The Power of Poetry

I love poetry. I’ve always thought of it as distilled language: as though ideas have been boiled down and condensed so that only the concentrated essence remains. Because of this, every word in a poem feels somehow as if it’s carrying extra weight, extra resonance, extra value. When reading a poem, my senses are heightened and alerted: it’s a thrilling, exciting feeling.

I first experienced this sensation in an English Literature classroom in the autumn of 1991 (or possibly the spring of 1992) when I first encountered the poetry of Sylvia Plath. I’d always loved books and reading, but when I read Plath it was like I finally understood what all the fuss was about. I remember reading Lady Lazarus and the hairs standing up on my arms and the back of my neck. My teacher lent me his copy of her collection Ariel, and I haven’t looked back since.

My collection of Sylvia Plath books, 29 years after first reading her work

My experience of “waking up” to poetry sounds exactly like the experience of our current Poet Laureate, Simon Armitage. On Desert Island Discs earlier this year, he described vividly his first encounter with the work of Ted Hughes:

“It suddenly struck me, in a very electrifying moment, that the world was a really interesting place. It could be packaged up in these little bundles of language, which, at the end of the day, are only black marks against a white page. But if you put them in the right order, you can make extraordinary things happen in somebody else’s head across thousands of miles, across thousands of years, and in complete silence. And the shock of that realisation and the primitive magic of it has never really left me. I still feel that when I’m looking at a poem: that I’m staring at some kind of circuit board of language, which makes a contactless contact with something in my head. I think I knew at that very moment, that poetry was going to be my thing.”

Simon Armitage on Desert Island Discs, broadcast 15th May 2020.

Over the years, I have taught poetry to hundreds and hundreds of students. I haven’t always succeeded in igniting the same passion in every single one of them! But I hope I have helped some to find the power of poetry, and to enjoy it for themselves – away from having to study it for GCSE.

This last week, I have been blown away to see exactly this happen at Churchill Academy & Sixth Form. At the end of January 2020, Ms Cody from our English Department gave an assembly to all main school students on the theme of “Literature that changed the world.” At least one student was inspired to pick up the books Ms Cody described, to see what all the fuss was about. That student was Imogen Beaumont, who has gone from winning our House Poetry Competition in 2019 to becoming a Foyle Young Poet of the Year 2020.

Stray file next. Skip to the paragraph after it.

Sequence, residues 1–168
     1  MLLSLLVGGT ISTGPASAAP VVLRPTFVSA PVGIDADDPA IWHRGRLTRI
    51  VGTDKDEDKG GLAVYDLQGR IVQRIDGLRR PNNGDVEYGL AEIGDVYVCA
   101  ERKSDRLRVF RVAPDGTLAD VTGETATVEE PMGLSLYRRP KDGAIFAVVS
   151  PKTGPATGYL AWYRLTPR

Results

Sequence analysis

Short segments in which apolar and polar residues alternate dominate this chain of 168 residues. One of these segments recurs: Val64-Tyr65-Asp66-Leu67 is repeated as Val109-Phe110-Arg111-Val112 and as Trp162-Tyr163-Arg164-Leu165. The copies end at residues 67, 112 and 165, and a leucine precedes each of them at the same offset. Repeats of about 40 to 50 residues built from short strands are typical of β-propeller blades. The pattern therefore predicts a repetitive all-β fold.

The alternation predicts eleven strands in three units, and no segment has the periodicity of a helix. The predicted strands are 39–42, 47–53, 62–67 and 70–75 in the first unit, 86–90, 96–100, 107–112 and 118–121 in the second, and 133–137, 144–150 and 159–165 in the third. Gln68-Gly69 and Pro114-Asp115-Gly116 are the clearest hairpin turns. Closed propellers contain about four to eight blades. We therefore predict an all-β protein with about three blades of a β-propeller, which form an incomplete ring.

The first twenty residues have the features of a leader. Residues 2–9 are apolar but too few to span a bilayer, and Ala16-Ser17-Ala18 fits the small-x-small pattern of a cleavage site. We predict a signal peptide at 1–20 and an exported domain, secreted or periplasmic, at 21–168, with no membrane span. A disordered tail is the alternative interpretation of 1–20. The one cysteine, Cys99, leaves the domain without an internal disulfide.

Some of my collection of Foyle Young Poets anthologies from over the years

I have followed the Foyle Young Poets of the Year Award for over 20 years. Since 1998, the Award has been finding, celebrating and supporting the very best young poets from around the world. It is firmly established as the leading competition for young poets aged between 11 and 17 years old. This year, a staggering 15,966 poems were entered. Young writers from a record-breaking 118 countries entered the competition from as far afield as Afghanistan, Ecuador, Mozambique, North Korea and the Seychelles, and every corner of the UK. From these poems, this year’s judges Keith Jarrett and Maura Dooley selected 100 winners, made up of 15 top poets and 85 commended poets. After Mr Lockett put the entry invitation into our newsletter on 3rd July, Imogen entered. Her poem, The sound of Shakespeare’s women, was chosen as one of the top 15. When you read it, you can see why:

The sound of Shakepeare’s Women

If Juliet was silenced

amongst a patriarchal nightmare and

Lavinia was two limbs down

with no tongue to tell their tale and

Ophelia was driven to madness

with no sense left to speak and

Cordelia was shunned by her father,

her pointless words falling on deaf ears and

Desdemona’s desperate truth

was shouted down by whispered lies,

Then Will’s trying to tell us something.

By Imogen Beaumont

Imogen’s poem is a powerful, skilful piece of writing. She told me she reads a lot of Shakespeare – and you can tell! The poem draws in repeated examples of female characters in Shakepeare’s plays who are variously silenced, ignored, or left voiceless.

Juliet pleads with her father in Romeo and Juliet to listen to her when he plans her marriage to a man she does not love. He ignores her pleas, and she is forced to take desperate measures. Lavinia, in Titus Andronicus, is raped and has her hands cut off and her tongue cut out so she can’t reveal who attacked her. Ophelia is driven mad when Hamlet, who said he loved her, ignores her and hurls abuse at her when she tries to help him. Cordelia tells her father, King Lear, the truth when he asks her to: as a result, she is disinherited and cast out from the family. Othello is tricked into believing his wife, Desdemona, has been unfaithful to him. She tells him again and again that it isn’t true, but he believes the lies and smothers her with a pillow.

Imi’s poem illustrated by award-winning artist and author Chris Riddell

In each case, the inability of the male characters to hear what the women are trying to tell them leads to tragedy. What Imogen does so skilfully is distil those stories down to their concentrated core, and connect them with one final line to our modern day experience. The #MeToo movement and the linked #BelieveHer hashtag show that, today, women’s voices are still too often ignored, silenced, or discounted. It would seem the lesson that Shakespeare was trying to teach over 400 years ago has still not been learned.